Early October is when we, as farmers, most resemble squirrels. We are hustling around the farm with a heightened sense of urgency at this point in the year, working together to cache our oh-so-important winter storage crops before the weather turns. We’re digging the last of the potatoes, cleaning our cured onions, and most notably, harvesting our winter squash. These are the foods whose calories and flavors will see us deep into wintertime.
Winter squash encompasses a big family of hard-skinned squashes that come in all stripes, sizes and colors. Many folks are familiar with just a few types from the grocery store: maybe the dark green-skinned acorn squash, or perhaps a green or scarlet Kabocha squash. What most people don’t realize is that winter squash are for eating (unlike the ornamental gourds they are often confused with), and good eating they are! Their name, “winter” squash, confuses a lot of people: they don’t grow in the wintertime (we actually plant them in the field in early June and harvest in early October). Rather, the name refers to their ability to store for many months; this year’s winter squash crop will feed us well into the new year.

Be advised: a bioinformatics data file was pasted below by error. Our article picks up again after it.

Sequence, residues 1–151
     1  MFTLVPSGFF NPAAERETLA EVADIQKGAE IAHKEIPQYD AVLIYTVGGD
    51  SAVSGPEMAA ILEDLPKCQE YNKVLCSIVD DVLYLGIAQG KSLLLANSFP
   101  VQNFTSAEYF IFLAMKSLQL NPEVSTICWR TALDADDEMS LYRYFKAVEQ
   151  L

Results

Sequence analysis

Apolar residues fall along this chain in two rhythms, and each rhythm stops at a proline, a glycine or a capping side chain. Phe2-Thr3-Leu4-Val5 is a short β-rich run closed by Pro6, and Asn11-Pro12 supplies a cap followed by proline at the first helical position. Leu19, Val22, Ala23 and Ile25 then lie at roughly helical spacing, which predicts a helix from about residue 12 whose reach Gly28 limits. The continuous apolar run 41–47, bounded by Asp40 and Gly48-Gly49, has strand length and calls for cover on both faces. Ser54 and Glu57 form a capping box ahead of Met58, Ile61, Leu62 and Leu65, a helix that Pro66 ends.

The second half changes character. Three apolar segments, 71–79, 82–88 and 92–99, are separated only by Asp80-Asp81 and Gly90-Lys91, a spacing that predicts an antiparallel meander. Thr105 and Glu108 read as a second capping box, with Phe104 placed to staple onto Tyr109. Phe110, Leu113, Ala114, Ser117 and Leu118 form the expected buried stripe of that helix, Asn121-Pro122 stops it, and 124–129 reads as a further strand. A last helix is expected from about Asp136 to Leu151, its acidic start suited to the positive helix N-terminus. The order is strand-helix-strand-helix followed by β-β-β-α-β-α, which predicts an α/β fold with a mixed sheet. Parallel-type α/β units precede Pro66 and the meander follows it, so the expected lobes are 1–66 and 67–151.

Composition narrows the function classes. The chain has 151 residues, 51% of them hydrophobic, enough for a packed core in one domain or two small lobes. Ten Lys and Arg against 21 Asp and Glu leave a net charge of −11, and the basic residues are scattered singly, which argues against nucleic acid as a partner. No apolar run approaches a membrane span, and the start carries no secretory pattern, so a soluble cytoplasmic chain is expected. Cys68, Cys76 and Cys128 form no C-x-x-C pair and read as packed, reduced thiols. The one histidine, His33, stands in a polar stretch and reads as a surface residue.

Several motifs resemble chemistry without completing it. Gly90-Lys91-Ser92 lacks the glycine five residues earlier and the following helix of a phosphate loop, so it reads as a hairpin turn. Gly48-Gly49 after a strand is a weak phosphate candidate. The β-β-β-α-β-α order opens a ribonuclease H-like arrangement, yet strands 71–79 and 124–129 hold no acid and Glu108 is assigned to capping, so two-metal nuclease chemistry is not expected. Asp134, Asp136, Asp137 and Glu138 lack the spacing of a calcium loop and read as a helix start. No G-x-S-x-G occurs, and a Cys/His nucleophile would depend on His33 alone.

On the farm we grow seven different varieties of winter squash, plus a pie pumpkin. Starting next week you’ll begin to see them in your share, where they will become a staple all the way through until the last week of Harvest Baskets in December. (That’s right: there are still 9 more weeks to go in the Harvest Basket season; you will get your last tote of the season the week of December 10th). We’ll introduce you to each variety as it comes and provide cooking, eating and storage tips.
In the meantime, we are working this week to get all of those different squash into the barn. We started clipping them from the vine 2 weeks ago, putting them in windrows, and letting them “cure” in the field. This hot sunny spell has been miraculous (we couldn’t hope for more perfect weather) because in order to cure properly, winter squash need at least a week of warm, 70-ish degree, dry weather while they lie in the field. This helps their skins harden and their stems dry (which are the two keys to sealing out any entry points for molds, fungi, bacteria and other pathogens that could cause them to prematurely rot in storage).